During a midlife divorce, many of the things we have to deal with are huge. Our husband walks in one day and says, “I love you, but I’m not ‘in love’ with you.” A seemingly content spouse comes in and says, “I’m not happy, I want out.” A lifelong partner says, “I’ve never really loved you.” Those are huge, life-changing events.
If your divorce is sure and you’ve tried everything to save your marriage, and you’re in this spot with no turning back, you are faced with lots of big stuff to deal with. You also have all that junk — dozens (or hundreds, or thousands!) of little things that bother you, annoy you, infuriate you and can destroy you if you don’t deal with them when they first show up.
Here’s a thought from Shakespeare in the play, King Henry VI Part 2 III.I.31. “Now ’tis spring, and weeds are shallow rooted; Suffer them now and they’ll o’ergrow the garden.” The little weeds of life overtake our garden in time if we don’t deal with them. Little slights become a future of bitterness if we don’t face them and move on. That’s true in our divorce, and at work and with family and friends. Deal with stuff before it gets big, and you’ll have room for the good things to grow.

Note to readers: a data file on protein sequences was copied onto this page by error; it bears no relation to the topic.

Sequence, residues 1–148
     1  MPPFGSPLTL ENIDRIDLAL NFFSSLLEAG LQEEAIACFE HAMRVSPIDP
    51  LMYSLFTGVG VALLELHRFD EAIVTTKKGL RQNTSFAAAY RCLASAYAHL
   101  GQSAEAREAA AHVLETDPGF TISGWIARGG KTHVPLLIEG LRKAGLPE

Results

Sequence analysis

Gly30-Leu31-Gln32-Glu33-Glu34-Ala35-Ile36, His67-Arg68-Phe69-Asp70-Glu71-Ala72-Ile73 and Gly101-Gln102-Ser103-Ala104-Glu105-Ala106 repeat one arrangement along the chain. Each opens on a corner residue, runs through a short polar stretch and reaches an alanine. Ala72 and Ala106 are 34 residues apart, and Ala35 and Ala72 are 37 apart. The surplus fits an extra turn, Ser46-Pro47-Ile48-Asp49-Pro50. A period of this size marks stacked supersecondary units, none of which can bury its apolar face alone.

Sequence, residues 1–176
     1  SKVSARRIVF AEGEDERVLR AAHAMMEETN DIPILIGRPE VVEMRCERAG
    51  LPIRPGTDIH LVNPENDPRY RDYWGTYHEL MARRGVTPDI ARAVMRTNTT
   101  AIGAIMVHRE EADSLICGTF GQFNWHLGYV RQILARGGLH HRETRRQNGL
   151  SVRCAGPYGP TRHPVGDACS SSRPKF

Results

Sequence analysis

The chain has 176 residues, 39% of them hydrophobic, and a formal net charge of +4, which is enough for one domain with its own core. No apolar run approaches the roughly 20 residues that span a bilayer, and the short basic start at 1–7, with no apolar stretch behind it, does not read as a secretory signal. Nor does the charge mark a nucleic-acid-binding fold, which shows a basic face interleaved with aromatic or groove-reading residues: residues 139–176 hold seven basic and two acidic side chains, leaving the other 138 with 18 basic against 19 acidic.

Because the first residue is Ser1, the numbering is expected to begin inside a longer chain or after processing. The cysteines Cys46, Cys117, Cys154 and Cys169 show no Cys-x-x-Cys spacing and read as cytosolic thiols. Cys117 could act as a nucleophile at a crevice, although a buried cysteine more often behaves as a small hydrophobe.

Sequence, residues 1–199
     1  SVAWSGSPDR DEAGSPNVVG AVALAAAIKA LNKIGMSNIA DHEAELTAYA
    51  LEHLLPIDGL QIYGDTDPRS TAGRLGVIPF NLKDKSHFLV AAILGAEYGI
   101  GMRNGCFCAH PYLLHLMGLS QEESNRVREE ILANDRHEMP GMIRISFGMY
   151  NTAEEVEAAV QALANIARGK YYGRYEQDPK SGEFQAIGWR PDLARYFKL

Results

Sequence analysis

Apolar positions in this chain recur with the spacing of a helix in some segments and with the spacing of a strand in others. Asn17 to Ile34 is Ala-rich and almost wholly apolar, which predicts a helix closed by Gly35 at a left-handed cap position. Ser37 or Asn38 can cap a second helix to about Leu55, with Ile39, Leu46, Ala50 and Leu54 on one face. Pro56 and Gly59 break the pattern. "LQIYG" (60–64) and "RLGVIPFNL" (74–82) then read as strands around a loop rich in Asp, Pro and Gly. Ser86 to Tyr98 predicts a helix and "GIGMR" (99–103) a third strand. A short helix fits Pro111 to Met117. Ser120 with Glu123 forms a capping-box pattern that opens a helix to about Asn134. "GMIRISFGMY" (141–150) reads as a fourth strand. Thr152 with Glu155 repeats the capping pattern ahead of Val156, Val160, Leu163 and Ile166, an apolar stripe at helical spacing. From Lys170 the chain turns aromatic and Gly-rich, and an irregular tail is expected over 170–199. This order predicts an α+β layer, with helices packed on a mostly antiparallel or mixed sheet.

If we don’t pull the weeds of bitterness, anger, worry, hate, dissatisfaction and discontent, and instead let them fester and grow, they become a way of life. Then we have no garden at all.
I don’t want to become an ugly, dirty patch of overgrown weeds with little beauty or good in it at all. I want a flourishing, productive garden full of bright, colorful flowers and delicious strawberries! I’m going to start by pulling any ugly weed I notice this spring … in my garden and in me!
“And please, don’t toss this off as insignificant. it only takes a minute amount of yeast to permeate an entire loaf of bread.” Galatians 5:9 (The Message)